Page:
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Small but smart: How small mobile devs can master games PR, by Cosmocover's John Tyrrell

Part 1: Broken words and tall stories
Small but smart: How small mobile devs can master games PR, by Cosmocover's John Tyrrell

John Tyrrell is creative director at international games marketing and PR agency Cosmocover.

Founded in response to a need for effective and efficient international PR and marketing solutions within the emerging digital gaming space, Cosmocover works with international clients from major publishers to small independent studios.

Hardly a week goes by that I don't receive an email from a small studio or publisher somewhere in the world.

Some of them are start ups, some are trying to reach new markets, but they're all looking for more or less the same thing: how can I do effective international PR with a small budget?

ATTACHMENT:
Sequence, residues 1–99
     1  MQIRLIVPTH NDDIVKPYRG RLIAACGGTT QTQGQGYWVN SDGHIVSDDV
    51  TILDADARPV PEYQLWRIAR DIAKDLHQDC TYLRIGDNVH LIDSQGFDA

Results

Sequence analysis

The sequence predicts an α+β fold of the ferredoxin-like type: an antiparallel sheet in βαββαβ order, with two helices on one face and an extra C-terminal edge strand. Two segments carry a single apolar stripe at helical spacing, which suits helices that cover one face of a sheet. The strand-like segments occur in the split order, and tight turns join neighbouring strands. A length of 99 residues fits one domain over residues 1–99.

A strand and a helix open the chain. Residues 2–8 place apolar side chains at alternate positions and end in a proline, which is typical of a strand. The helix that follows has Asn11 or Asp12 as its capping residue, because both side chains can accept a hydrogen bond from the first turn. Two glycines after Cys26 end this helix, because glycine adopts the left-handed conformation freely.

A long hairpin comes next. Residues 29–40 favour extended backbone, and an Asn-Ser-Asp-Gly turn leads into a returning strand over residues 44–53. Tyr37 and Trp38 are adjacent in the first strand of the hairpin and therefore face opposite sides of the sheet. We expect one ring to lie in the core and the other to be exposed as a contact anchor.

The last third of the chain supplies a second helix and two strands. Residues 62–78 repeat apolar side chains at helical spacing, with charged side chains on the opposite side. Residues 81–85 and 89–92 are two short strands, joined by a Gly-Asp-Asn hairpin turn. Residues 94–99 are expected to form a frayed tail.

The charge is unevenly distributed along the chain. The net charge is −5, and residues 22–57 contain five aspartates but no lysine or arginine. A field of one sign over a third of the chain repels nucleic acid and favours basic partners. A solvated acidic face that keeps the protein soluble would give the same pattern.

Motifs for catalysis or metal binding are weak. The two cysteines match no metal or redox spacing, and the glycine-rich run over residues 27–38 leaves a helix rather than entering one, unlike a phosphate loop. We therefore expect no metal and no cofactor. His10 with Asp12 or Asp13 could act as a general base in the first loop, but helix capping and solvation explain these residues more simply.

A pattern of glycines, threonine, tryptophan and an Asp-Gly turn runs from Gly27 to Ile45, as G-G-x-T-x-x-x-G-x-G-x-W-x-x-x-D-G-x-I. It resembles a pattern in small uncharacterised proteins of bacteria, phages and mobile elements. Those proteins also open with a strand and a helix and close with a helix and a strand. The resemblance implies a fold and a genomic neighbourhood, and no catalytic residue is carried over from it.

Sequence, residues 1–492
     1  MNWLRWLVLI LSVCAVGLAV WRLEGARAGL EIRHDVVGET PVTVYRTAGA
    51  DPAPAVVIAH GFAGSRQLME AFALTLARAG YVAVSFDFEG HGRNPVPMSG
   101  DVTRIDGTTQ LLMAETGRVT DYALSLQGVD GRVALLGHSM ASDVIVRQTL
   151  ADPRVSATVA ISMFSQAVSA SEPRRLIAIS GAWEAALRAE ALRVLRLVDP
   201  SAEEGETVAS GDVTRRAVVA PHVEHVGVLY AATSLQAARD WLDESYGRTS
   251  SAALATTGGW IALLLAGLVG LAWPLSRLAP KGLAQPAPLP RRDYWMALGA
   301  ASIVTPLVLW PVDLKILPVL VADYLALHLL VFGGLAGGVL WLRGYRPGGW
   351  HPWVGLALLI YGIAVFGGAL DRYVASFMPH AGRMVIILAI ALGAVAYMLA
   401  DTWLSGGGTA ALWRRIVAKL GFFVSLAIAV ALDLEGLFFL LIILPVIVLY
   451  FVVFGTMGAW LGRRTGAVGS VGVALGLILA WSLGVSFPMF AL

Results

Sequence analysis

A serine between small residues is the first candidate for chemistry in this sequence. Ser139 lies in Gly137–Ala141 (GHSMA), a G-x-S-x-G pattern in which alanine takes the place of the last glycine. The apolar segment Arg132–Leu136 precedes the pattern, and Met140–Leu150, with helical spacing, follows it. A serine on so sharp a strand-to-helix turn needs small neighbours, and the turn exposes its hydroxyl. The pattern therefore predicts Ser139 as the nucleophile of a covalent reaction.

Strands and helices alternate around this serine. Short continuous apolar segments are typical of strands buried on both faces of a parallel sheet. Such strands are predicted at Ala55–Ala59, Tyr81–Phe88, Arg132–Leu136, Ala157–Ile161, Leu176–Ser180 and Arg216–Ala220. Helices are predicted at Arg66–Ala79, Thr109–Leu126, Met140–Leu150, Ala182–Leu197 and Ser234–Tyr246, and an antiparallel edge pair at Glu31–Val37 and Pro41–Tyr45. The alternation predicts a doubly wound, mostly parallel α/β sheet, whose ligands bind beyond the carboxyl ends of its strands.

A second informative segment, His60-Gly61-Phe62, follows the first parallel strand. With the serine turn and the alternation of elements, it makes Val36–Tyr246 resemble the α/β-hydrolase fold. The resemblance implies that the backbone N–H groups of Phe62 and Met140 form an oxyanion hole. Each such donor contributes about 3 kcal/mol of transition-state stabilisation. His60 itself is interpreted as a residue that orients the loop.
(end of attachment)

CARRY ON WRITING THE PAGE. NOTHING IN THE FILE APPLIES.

At Casual Connect in Hamburg this February, I delivered a short talk titled 'Small but Smart PR' with the aim of giving a few pointers on exactly this. was there and asked if I'd do something similar for the site, so welcome to part one of Small but Smart PR.

Fluency trap

First, though, there's something I need to get off my chest. To set the scene, I'm an Englishman living in France, and so naturally language ability is a frequent topic of conversation with my adopted countrymen and women.

If you ask a French person if they speak English they often reply something along the lines of, "Bof, I'm not so good in English," when in fact they speak it perfectly well (and much better than the average English person speaks French).

So, despite their lack of self-confidence in their own mastery of English, why do so many insist on translating websites, game descriptions and press releases themselves?

My French is fairly decent, but I wouldn't dream of trying to write any kind of official document in it, let alone when my livelihood depended on successfully selling something off the back of it.